Sara Mosle, a schoolteacher who has been one of the more realistic critics of the education reform bandwagon, reviews
Steven Brill's book Class Warfare: Inside the Fight to Fix American's Schools:
Brill, however, insists that only “union critics of charter schools” believe successful charters “ ‘skim’ from the community’s most intelligent students and committed families,” adding, “None of the actual data supports this.” But in fact, according to Tough, KIPP’s own “internal statistics” show that its students in the South Bronx “arrived scoring better on average on tests than typical children in their neighborhoods.” And not just a little better: on reading tests prior to entering KIPP, Tough writes, “students often scored above the average for the entire city.”
KIPP then builds on this sturdy foundation — and far more successfully than most charters, for which it deserves praise and keen attention to its methods. But KIPP and other successful charters have not yet shown they can succeed with every kind of student within a single school district, or even, for that matter, a single neighborhood. If we can’t make such distinctions, how will we ever help all children achieve? ...
Well, maybe we won't ever help all children achieve. Maybe, what we should try to be doing is to do better overall than we're doing now. Maybe we have to leave some child behind to help the rest because if we focus on the worst, we're going to hurt the rest.
From that perspective, if KIPP is skimming the hardest working students from the slums, well, that's great. We should encourage more and different kinds of skimming. If some kids aren't really interested in English literature, but are really interested in auto body repair, well, let's skim them into hands-on apprentice programs.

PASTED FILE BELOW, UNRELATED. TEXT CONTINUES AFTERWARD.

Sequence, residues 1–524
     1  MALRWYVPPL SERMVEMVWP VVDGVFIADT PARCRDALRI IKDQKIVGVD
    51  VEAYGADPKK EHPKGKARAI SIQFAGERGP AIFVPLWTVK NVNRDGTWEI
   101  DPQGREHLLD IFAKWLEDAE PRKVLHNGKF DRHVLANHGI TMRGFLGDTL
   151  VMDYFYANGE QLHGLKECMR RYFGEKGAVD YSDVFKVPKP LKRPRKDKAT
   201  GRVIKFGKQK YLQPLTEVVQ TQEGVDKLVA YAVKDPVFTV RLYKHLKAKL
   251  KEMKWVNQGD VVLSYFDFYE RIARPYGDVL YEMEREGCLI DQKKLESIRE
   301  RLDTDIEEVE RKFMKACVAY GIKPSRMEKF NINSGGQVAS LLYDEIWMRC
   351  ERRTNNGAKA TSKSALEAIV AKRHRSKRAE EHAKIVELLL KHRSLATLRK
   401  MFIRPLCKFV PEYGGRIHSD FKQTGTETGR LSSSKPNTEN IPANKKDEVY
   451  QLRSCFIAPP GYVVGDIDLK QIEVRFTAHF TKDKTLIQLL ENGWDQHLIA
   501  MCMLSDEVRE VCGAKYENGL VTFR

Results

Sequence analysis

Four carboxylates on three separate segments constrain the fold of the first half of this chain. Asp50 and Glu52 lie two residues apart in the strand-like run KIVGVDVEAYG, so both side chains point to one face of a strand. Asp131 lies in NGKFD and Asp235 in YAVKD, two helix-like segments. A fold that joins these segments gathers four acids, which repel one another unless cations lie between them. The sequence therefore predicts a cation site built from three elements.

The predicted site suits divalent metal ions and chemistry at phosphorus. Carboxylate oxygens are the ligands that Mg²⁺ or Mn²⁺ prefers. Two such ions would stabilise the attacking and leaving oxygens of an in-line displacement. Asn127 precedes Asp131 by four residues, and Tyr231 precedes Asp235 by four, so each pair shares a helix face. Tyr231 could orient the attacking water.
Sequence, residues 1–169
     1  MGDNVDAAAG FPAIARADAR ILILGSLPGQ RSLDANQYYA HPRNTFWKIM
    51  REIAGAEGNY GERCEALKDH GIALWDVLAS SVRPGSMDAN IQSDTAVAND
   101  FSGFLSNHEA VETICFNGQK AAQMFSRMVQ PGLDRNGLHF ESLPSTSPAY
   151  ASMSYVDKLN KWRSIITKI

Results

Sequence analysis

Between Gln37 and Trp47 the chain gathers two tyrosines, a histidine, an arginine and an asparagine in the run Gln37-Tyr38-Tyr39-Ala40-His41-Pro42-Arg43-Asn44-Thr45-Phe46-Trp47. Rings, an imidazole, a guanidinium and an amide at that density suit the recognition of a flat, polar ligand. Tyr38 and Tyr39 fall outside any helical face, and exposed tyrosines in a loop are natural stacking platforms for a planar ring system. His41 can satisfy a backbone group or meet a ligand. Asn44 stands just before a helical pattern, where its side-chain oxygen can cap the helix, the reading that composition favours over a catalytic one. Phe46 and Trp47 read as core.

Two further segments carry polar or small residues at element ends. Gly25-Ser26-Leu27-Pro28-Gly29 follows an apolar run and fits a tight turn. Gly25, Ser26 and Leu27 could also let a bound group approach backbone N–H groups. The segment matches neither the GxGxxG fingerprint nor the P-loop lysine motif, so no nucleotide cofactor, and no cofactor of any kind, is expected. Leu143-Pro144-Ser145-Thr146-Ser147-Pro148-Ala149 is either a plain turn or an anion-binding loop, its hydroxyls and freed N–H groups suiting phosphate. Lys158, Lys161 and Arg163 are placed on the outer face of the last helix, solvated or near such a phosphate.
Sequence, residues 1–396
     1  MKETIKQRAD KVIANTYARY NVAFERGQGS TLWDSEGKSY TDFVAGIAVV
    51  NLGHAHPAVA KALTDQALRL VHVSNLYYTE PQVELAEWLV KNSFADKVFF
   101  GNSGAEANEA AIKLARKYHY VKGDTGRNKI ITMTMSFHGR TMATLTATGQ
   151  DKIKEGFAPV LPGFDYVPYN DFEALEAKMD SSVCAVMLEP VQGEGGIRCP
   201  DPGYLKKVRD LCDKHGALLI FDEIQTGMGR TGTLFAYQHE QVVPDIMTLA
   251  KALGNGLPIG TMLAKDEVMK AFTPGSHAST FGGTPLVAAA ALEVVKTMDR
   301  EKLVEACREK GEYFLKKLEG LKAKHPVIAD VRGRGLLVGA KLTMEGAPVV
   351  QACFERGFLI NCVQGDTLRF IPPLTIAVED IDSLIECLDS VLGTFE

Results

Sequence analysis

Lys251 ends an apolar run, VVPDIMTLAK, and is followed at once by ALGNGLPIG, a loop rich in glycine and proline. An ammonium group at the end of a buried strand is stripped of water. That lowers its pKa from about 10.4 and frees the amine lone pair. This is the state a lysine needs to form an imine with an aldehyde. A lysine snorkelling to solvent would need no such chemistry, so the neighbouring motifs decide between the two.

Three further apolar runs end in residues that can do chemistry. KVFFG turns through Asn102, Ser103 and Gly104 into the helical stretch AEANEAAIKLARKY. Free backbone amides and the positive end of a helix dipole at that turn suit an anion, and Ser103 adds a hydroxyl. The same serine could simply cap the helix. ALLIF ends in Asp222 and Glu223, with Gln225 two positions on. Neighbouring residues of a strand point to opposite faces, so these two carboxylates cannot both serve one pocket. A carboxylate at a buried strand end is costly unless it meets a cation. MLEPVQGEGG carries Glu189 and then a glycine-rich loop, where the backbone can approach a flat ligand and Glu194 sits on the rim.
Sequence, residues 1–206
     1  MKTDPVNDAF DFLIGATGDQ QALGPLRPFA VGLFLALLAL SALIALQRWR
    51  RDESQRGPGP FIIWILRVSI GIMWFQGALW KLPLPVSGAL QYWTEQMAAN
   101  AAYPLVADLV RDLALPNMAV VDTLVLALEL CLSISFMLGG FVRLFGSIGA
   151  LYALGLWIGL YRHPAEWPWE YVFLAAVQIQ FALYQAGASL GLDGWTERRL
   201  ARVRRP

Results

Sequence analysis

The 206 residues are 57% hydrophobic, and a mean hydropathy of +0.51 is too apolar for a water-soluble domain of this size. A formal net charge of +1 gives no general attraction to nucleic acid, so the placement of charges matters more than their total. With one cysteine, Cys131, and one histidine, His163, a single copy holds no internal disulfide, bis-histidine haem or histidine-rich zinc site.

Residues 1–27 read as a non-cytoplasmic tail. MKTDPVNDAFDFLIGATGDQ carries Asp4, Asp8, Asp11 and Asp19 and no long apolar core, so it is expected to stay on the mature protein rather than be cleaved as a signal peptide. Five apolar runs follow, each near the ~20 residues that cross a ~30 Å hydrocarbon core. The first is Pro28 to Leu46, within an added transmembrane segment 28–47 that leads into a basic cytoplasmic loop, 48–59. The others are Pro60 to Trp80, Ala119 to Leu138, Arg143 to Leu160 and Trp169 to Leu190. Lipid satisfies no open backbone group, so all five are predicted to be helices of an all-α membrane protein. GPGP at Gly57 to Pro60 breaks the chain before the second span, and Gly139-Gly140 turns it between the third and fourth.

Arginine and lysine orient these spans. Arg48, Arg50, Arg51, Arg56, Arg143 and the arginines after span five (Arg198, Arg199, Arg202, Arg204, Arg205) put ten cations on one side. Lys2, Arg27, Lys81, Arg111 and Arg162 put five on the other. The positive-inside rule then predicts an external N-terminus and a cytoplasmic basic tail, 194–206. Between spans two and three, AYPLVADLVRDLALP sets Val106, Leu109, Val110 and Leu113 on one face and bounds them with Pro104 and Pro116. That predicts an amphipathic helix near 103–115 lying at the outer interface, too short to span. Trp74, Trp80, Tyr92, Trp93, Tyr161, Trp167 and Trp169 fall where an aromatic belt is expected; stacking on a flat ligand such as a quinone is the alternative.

By book’s end, even Brill begins to feel the cognitive dissonance. He quotes a KIPP founder who concedes that the program relies on superhuman talent that can never be duplicated in large numbers. And sure enough, an educator whom Brill has held up the entire book as a model of reform unexpectedly quits, citing burnout and an unsustainable workload at her Harlem charter. Then another reform-minded teacher at the same school confesses she can’t possibly keep up the pace. “This model just cannot scale,” she declares flatly. After relentlessly criticizing Weingarten, Brill suddenly suggests, in a “Nixon-to-China” move, that she become New York’s next schools chancellor. “The lesson,” Brill belatedly discovers, is that reformers need to collaborate with unions, if only because they are “the organizational link to enable school improvement to expand beyond the ability of the extraordinary people to work extraordinary hours.” But isn’t this merely what the reform movement’s more thoughtful critics have been saying all along?
Brill likens the battle over the nation’s schools to “warfare,” but the better analogy may be to the war on cancer. For years, scientists hoped a magic pill would cure this ravaging disease. But increasingly, doctors have recognized that they will have to fight a multifronted war, as cancers (like failing schools) aren’t all alike. Each comes with its own complex etiology.